‘Amazing Grace’ (2018)

It only took 46 years to see it, but this legendary concert film chronicling Aretha Franklin’s two-night stand at the New Temple Missionary Baptist Church — the same 1972 shows that gave us Franklin’s classic live gospel album — was more than worth the wait. Sydney Pollack’s movie isn’t a document of a performance so much as a visual extension of the ecstasy that the singer, her collaborators and the crowd experienced; no matter how many times you’ve heard her interpretations of “Wholy Holy” or “Never Grow Old,” the sight of Franklin, eyes closed and head bowed, working her way through those numbers feels like a revelation. (Watching the choir jump up and egg Aretha on as she testifies during the title track is capable of reducing an entire theater to nothing but goosebumps and teardrops.) Witness the Queen of Soul do those stellar runs and work the audience, from everyday churchgoers to Mick Jagger, into a divine frenzy, and you’ll feel as if you’ve seen the face of God. —D.F.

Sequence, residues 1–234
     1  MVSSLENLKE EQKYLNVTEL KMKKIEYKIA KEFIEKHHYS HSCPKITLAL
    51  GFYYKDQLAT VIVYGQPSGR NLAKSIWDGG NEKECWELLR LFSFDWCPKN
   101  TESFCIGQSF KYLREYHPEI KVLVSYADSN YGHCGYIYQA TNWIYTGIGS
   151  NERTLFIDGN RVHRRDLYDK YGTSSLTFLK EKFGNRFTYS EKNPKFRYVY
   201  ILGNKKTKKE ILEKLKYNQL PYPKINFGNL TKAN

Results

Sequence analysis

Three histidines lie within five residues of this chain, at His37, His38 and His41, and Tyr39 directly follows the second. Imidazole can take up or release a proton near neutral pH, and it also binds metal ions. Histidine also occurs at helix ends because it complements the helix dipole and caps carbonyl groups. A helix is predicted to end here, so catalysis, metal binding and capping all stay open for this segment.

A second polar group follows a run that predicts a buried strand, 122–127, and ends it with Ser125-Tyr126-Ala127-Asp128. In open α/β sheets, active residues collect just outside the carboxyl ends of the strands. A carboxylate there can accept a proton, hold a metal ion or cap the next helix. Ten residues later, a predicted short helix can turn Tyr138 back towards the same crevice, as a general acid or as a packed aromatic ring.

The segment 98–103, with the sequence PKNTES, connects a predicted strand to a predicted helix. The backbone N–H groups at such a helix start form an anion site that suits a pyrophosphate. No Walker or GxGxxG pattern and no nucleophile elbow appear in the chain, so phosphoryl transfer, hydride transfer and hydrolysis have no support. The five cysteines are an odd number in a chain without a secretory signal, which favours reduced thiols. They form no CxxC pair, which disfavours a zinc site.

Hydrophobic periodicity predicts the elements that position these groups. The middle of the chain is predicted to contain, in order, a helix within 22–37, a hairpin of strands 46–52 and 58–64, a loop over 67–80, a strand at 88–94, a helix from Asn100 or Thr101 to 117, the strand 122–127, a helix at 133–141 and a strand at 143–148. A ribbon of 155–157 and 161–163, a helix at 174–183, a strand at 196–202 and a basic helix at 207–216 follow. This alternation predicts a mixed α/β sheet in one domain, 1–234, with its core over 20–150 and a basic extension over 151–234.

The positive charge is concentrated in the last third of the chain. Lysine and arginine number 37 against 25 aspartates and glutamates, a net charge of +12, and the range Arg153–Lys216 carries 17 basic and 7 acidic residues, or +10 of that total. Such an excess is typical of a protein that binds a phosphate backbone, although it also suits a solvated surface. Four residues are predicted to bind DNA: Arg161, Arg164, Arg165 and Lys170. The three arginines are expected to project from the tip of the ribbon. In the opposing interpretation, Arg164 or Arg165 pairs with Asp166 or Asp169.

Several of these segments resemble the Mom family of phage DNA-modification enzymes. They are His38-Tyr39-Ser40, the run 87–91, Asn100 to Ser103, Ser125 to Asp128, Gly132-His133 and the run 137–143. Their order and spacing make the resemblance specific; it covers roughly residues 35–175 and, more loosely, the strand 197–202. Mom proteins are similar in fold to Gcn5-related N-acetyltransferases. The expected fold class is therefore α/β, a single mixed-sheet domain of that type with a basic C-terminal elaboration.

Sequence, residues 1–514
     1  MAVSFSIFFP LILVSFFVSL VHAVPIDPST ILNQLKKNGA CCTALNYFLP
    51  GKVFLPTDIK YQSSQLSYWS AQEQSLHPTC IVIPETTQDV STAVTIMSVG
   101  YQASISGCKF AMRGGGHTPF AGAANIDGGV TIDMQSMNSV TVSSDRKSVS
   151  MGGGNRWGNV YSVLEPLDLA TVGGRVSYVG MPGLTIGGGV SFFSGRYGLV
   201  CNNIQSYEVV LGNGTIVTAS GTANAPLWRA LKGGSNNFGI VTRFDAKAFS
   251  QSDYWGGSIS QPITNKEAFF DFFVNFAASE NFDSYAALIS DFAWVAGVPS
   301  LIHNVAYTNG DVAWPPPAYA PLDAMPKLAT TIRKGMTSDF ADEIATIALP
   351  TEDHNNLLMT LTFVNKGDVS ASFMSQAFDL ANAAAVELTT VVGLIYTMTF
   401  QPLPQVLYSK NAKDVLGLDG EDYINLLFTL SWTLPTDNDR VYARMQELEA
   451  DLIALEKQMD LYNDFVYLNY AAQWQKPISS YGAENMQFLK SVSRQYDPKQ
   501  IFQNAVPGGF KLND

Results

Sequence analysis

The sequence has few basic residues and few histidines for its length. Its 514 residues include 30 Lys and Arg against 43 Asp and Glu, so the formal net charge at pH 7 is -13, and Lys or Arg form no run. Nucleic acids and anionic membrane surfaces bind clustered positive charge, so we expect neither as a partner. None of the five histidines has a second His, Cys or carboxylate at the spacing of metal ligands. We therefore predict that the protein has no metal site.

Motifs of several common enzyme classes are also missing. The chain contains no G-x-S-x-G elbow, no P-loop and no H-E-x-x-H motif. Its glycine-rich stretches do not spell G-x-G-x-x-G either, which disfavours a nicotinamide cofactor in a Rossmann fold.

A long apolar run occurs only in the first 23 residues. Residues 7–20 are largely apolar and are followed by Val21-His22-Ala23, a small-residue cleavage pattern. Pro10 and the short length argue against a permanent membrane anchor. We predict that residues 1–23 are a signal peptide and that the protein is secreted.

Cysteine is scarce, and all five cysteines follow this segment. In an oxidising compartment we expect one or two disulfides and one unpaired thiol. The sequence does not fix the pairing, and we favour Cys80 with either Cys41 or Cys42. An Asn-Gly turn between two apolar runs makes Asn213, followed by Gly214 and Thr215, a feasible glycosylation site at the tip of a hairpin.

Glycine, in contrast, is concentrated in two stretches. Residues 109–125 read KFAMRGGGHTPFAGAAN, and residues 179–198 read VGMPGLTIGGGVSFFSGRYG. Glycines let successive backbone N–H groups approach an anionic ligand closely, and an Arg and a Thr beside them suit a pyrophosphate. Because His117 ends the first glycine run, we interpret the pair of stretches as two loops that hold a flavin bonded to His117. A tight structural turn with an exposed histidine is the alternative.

Play video

Cinecom Int'/Island Alive/Kobal/Shutterstock


‘Stop Making Sense’ (1984)

What was Talking Heads’ strategy for their euphoric, propulsive 1984 concert film? “We didn’t want any of the bullshit,” drummer Chris Frantz told Rolling Stone. “We didn’t want the clichés.” Eschewing pandering audience shots and focusing instead on evocative lighting and imaginative set design, Jonathan Demme captures the band at their creative peak, rolling through songs from their then-latest LP, Speaking in Tongues, while brilliantly reimagining old favorites like “Once in a Lifetime” and a solo-David-Byrne-with-boom-box version of “Psycho Killer.” It’s 88 minutes of endless up — a joyous marriage of New Wave, funk and Byrne’s inspired, demented stagecraft. —T.G.

Play video

Maysles/20th Century Fox/Kobal/Shutterstock


‘Gimme Shelter’ (1970)